April is Sexual Assault Awareness month, and the spread of COVID-19 is elevating risk for sexual assault victims, according to the World Health Organization.
In a March 26 document, WHO stated that physical and/or sexual violence against women tends to increase during emergencies, including pandemics. Because intimate partner violence is one of the most prevalent forms of violence, the stay at home order from the governor poses additional threats to women across the state and in the Capital area.
“The impact of sexual assault can have lifetime effects for survivors and their families,” said Michigan Attorney General Dana Nessel.
The health impacts of violence on women and their children are significant and can result in injuries and serious physical, mental, sexual and reproductive health problems, including sexually transmitted infections, HIV and unplanned pregnancies, WHO stated.
To help survivors of sexual assault, Gov. Whitmer has deemed Michigan’s Sexual Assault Hotline an essential service.
“Providing support for Michigan’s survivors of sexual assault is an essential service that remains in place during the COVID-19 pandemic,” Whitmer said. “It’s important to make sure that survivors are aware of these resources – in April and throughout the year.”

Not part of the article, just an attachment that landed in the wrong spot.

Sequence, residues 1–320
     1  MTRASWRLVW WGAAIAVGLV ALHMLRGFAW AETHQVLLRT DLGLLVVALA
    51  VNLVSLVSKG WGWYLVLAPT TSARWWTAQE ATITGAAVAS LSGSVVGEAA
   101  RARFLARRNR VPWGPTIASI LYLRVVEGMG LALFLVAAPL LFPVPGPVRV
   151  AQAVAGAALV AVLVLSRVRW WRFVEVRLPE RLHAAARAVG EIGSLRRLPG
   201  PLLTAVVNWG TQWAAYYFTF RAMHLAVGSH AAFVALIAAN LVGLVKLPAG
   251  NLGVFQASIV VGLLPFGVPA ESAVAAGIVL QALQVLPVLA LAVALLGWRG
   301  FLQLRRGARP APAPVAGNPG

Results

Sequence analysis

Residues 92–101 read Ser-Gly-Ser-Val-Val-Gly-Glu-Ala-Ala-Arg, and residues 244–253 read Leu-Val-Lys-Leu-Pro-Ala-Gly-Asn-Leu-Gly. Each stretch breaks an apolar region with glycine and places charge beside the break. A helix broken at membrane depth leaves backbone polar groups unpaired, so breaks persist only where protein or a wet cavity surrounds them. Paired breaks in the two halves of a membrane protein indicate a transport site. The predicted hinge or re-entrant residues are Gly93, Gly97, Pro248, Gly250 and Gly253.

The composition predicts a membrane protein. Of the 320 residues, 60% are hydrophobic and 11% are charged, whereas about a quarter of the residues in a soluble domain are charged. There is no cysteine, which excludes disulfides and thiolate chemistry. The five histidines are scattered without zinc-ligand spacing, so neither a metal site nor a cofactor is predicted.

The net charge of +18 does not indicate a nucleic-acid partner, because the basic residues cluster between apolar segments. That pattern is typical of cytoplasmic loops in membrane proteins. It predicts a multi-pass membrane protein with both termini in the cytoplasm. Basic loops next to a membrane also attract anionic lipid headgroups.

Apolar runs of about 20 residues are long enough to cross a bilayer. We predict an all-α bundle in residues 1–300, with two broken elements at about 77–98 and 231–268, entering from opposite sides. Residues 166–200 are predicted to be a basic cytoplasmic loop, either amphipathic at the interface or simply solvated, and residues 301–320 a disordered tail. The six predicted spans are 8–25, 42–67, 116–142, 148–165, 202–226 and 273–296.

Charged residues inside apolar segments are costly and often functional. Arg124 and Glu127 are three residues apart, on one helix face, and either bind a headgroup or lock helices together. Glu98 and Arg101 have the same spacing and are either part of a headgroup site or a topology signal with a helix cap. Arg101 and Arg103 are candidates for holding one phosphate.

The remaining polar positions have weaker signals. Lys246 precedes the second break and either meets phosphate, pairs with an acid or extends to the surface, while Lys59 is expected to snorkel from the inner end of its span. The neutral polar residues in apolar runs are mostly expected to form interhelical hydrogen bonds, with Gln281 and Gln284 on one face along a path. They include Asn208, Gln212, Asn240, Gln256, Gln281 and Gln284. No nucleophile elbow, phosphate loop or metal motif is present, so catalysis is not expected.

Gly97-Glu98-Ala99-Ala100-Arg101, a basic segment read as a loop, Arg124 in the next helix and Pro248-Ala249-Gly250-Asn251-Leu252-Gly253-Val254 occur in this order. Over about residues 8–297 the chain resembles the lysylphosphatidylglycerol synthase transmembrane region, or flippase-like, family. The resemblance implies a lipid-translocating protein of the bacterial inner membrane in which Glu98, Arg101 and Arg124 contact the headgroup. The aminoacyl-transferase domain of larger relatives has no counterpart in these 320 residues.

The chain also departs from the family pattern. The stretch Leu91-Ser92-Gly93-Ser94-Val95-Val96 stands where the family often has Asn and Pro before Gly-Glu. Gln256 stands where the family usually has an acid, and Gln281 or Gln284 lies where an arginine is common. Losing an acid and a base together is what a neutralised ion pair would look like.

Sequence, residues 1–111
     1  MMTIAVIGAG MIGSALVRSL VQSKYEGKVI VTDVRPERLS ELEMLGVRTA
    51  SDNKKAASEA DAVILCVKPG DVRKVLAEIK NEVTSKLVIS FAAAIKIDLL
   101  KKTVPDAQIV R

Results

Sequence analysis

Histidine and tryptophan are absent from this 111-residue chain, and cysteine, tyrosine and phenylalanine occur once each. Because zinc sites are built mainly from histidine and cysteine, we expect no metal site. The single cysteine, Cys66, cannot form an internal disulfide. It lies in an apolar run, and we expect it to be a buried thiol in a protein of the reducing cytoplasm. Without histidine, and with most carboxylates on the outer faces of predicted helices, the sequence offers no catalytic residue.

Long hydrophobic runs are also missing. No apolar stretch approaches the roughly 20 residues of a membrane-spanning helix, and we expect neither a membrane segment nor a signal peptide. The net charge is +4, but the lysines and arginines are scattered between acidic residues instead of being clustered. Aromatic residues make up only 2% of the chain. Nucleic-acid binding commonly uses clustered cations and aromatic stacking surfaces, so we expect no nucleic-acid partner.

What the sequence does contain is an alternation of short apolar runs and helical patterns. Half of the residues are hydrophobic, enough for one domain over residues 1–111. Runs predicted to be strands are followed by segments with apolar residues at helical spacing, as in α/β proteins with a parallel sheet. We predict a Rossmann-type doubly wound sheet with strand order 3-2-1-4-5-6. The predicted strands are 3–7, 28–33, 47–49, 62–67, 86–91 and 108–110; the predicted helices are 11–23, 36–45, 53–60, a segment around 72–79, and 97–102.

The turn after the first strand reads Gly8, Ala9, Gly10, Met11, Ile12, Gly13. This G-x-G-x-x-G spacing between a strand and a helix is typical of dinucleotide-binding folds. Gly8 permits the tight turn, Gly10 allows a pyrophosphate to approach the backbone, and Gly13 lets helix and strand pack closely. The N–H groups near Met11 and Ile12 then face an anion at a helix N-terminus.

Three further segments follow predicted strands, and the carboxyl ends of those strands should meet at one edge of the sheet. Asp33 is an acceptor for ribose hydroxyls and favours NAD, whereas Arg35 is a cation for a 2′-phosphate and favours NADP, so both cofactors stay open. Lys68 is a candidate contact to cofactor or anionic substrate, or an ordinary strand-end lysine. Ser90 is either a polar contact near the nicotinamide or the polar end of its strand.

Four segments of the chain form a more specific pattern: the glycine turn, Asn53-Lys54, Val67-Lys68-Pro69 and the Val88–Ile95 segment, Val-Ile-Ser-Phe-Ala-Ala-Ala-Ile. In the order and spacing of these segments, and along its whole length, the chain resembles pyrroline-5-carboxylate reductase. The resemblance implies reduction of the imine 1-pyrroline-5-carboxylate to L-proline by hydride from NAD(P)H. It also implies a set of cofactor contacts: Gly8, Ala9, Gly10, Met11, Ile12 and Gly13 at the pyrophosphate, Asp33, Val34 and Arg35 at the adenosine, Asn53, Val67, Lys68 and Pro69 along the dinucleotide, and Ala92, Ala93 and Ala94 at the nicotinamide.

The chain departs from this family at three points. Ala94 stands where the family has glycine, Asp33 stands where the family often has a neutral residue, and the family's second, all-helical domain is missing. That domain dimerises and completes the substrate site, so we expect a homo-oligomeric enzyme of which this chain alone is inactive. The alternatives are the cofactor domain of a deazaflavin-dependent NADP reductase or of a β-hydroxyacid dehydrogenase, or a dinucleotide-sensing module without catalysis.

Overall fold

Survivors of sexual assault, their families and friends can call or text the hotline at 855-VOICES4 or 866-238-1454, respectively, to receive 24/7, free and confidential support.
Resources include guidance pertaining to adults, children, domestic violence, the disabled community, workplace and more.
“As we learn more about COVID-19, we are also learning about the ways it impacts our work to support survivors and create safer communities. We will continue to share information and tools to support the critical role of our partners and online community,” NSVRC’s website stated.
“In April we recognize Sexual Assault Awareness Month and the need for continued education to better serve survivors and hold their offenders accountable. It is a month dedicated to standing with survivors of sexual assault – honoring and amplifying their voices while providing education on the dynamics and realities of this crime,” Nessel said.